The inner zone has the plant itself, where you come within 400 meters of the “sarcophagus” that was built over the destroyed reactor, to prevent any further release of radiation. There’s the plant, and the workers there who maintain it, and the workers’ canteen (where the tourists also have lunch), and the former city of Pripyat, home in 1986 to 50,000 plant workers and their families, abandoned today and unknown to most of the world except for those who play Call of Duty.

Mike explains that there are actually a small but significant number of people still living in the zone, as described here. But the impression I got from last night's movie was that there was pretty much nothing there.

Except for one old couple on a farmstead in what was the village of Zvizdal.

Wednesday, October 4, 2017

Fan mail

In my previous post on l'affaire Blaive, I mentioned that there are people who will actively support a dictatorship, for a range of reasons. One of those reasons is that they are more or less in agreement with what the regime is trying to do.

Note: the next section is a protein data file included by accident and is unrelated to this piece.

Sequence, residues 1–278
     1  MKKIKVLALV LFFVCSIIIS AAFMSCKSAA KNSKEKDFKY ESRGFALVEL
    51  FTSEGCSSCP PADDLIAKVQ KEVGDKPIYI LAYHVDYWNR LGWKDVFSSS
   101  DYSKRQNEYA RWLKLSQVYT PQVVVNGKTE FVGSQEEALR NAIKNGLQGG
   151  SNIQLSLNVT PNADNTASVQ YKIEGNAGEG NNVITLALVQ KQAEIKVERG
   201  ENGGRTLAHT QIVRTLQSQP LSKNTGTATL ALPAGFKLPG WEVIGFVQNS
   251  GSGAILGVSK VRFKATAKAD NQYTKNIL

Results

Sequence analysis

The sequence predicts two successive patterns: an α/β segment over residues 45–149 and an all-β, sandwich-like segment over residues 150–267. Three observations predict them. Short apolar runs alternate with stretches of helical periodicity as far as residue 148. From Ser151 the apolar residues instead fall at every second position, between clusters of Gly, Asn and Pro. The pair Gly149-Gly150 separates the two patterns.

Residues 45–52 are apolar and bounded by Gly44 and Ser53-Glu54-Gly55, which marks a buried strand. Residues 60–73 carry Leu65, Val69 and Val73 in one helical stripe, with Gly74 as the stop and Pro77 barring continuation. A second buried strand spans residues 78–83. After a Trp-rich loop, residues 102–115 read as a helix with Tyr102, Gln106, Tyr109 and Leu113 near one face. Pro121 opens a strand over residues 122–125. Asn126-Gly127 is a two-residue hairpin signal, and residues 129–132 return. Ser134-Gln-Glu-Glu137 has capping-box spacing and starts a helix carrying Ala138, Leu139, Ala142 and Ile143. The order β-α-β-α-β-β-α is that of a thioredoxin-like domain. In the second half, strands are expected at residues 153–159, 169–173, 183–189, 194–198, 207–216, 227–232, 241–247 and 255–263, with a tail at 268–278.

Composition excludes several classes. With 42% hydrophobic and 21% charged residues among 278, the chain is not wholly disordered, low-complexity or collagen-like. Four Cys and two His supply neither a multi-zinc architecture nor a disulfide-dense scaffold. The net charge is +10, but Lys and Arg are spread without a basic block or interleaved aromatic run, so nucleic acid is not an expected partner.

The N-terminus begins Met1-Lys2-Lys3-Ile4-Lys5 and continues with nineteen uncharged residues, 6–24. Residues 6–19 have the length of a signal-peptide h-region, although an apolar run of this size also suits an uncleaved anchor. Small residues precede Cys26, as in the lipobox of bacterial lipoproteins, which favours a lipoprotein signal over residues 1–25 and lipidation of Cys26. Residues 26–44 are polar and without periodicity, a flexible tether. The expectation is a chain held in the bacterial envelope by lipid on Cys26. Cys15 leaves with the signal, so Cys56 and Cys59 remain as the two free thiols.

One such is a letter written to Britské listy in response to an interview that Jan Čulík, the site's main editor, had conducted with Dr. Blaive.

Looking at the events of 1989 from the West, we had a narrative of a populace that was oppressed by a hated government. Anna Kouzlová's letter suggests that this narrative is much too simple.

I can see two main possibilities:
  1. She's misremembering her own feelings about the regime - she was unhappy with it at the time, but her experiences with the post-1989 world have made communism look good to her in hindsight.